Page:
Each station has a physical layer (PHY) interface to a wireless medium. Thus, in the access point (node 208 FIG. 2), station 114 b communicates via unguided electromagnetic wave transmissions with station 114 a. The station 114 a in the particular embodiment of FIG. 2 may be a wireless network interface controller (WNIC) that is plugged into a computer parallel bus (not shown), in either a mobile computer or a desktop computer. In the latter scenario, the WNIC may be a bus adapter while in the former case the WNIC is often a bus card. It will be recognized by those of ordinary skill in the art that the WNIC itself may be a processor-based system, having its own processor and storage configured to execute instructions for carrying out its network communication functions such as establishing a wireless communications link with an access point and the functions described below in connection with ARP proxy.
 Communications between a station and an access point, and between hosts, is conducted in accordance with a layered network communications protocol architecture. The PHY layer is one of the lowest layers of the architecture and handles the transmission of raw bits over a communications link. The next higher layer is often referred to as the data link layer, which collects a stream of bits into a larger aggregate sometimes called a frame or packet or protocol data unit. It is these packets that are exchanged among the nodes of a network. Still higher lies the network layer, which handles routing of packets among nodes of different networks. Further up in the architecture is the transport layer which implements process to process channels, where the unit of data exchanged is typically called a message, rather than a packet or a frame. The transport layer and higher layers typically run only on end nodes and not on intermediate nodes (also referred to as switches or routers). In many instances, the access point may also act as such an intermediate node.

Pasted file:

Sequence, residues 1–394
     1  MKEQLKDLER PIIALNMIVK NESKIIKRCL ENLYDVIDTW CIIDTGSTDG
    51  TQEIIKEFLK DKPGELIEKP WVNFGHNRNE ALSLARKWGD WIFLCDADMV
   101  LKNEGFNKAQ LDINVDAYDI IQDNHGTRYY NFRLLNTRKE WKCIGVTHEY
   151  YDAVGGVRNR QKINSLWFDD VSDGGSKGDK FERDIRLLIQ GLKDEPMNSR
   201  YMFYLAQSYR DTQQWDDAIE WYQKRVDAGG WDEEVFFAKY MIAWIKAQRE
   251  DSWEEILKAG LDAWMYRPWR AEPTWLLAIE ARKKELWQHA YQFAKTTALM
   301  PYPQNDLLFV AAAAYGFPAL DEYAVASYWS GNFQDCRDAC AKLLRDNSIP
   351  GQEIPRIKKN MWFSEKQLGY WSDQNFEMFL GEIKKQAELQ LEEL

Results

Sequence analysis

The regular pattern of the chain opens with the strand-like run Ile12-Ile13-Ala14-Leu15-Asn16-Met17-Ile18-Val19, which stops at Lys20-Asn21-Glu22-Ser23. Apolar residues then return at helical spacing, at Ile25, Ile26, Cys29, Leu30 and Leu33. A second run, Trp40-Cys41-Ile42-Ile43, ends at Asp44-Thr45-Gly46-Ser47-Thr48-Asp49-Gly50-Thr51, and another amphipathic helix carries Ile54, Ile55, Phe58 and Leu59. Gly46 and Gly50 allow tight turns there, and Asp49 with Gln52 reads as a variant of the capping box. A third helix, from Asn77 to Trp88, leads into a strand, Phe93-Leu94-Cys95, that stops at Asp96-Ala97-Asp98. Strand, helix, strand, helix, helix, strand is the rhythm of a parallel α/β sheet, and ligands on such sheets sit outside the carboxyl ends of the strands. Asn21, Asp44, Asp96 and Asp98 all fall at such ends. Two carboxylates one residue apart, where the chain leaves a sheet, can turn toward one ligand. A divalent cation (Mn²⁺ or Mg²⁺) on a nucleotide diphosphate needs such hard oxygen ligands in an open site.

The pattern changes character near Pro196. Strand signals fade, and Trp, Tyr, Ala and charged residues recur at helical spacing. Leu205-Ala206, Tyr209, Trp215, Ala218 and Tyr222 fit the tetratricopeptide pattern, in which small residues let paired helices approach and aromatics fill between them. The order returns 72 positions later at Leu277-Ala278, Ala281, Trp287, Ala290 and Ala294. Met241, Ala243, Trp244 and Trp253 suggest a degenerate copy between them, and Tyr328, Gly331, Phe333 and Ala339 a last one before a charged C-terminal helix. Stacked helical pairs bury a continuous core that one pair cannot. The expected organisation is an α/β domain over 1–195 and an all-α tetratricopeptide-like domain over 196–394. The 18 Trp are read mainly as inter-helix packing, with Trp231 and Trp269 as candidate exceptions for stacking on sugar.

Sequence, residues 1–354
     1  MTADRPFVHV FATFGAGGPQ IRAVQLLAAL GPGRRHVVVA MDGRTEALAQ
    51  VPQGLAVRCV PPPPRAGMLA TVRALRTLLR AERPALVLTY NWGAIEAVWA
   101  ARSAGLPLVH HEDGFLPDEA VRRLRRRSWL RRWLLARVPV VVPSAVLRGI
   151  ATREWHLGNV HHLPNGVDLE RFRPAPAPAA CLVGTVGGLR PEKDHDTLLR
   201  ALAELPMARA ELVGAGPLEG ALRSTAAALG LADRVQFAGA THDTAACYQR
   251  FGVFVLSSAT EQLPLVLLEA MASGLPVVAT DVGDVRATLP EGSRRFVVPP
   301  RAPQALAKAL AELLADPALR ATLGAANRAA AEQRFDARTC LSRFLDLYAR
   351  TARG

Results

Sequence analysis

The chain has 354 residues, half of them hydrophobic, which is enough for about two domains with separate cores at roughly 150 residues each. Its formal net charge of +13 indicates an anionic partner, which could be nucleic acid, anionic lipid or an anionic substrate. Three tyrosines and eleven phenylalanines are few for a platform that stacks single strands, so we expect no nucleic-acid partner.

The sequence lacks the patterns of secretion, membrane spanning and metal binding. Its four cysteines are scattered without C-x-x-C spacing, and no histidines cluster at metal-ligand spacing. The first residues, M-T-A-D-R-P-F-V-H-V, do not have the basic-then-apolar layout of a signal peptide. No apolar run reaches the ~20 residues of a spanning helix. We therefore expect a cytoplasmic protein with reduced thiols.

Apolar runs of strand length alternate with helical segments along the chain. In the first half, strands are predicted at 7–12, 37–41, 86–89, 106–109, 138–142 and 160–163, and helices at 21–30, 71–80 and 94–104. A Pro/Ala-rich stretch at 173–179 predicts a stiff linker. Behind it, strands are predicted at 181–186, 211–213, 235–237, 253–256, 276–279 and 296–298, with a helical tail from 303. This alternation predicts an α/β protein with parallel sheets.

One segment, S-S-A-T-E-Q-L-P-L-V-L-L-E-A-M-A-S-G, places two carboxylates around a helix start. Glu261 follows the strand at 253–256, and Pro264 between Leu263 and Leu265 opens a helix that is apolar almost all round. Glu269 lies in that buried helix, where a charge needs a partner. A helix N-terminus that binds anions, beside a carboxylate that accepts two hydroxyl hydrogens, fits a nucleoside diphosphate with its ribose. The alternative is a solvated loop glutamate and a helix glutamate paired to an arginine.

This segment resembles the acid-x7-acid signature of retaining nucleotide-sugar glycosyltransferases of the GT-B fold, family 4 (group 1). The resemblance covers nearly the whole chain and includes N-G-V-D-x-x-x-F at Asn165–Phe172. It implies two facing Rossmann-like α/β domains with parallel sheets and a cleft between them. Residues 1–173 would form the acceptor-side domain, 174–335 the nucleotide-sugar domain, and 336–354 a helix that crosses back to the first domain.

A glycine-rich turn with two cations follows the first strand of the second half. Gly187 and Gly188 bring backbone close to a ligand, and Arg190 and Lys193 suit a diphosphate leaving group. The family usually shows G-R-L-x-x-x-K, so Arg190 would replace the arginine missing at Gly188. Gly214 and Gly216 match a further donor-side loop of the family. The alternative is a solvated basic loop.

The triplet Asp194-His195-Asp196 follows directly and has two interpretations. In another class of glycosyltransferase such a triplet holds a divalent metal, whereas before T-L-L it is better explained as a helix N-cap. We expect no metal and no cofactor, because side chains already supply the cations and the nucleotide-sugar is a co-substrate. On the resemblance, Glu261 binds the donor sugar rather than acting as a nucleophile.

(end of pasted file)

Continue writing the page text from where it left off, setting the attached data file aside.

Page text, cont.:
Although the layered architecture described above is based on what is called the open systems interconnection (OSI) architecture, other models may alternatively be used to help a system designer better deal with a complex network, by way of different levels of abstraction. A goal here is to provide an abstraction for applications (or processes) that hides the complexity of the network from application writers, where such abstractions naturally lead to layering. Thus, another layered system could be one which starts with the hardware at the lowest layer, followed on top of that by a host to host connectivity layer, and topped with a request/reply channel or message stream channel. The request/reply and message stream channels are examples of process to process channels. Application programs would be located on top of these layers.